TOKYO — Russia’s not really at the Olympics. But that hasn’t stopped the world’s largest country from hauling gold out of Tokyo like a Siberian mine.

The Russian Olympic Committee, as the athletes competing here are known, has 53 total medals at the Tokyo Games, putting them behind only China and the U.S. They can’t celebrate under their flag. Nor can they blare the Russian national anthem on the podium. Yet they’re walking away with hardware in some of the Olympics’ biggest and most prestigious events, even after the country was technically banned for a yearslong, state-sponsored doping scheme.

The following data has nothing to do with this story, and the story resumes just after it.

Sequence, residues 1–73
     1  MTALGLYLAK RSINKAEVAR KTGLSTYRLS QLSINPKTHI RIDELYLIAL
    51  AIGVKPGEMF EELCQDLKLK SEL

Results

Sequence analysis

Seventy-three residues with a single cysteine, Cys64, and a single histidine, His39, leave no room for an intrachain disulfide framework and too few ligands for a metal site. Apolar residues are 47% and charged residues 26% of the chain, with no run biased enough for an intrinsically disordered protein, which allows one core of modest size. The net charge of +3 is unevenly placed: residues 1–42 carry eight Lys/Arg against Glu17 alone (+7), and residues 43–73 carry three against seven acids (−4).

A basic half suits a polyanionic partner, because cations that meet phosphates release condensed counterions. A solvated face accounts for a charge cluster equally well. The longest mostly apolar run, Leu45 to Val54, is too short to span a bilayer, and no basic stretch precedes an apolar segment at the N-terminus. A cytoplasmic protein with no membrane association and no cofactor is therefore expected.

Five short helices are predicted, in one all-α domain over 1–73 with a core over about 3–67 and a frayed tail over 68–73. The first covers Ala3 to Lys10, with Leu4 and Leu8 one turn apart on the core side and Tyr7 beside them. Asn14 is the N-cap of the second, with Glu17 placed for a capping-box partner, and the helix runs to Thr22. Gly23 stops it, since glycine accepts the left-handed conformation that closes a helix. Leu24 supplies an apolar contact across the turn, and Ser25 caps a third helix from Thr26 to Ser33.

For the athletes who did make it to Tokyo, it took surviving the twin blows of national ignominy and Covid-19. It turns out that these might have been the best things to happen to them. In the midst of a global pandemic, Russians discovered a secret training weapon that was available to few other athletes on the planet: their own geography.

By locking themselves down in places like the far-flung Eastern city of Vladivostok or the Sakhalin island, many ROC stars were able to prepare in similar time zones and conditions as Japan.

An expanded version of this article appears on WSJ.com.

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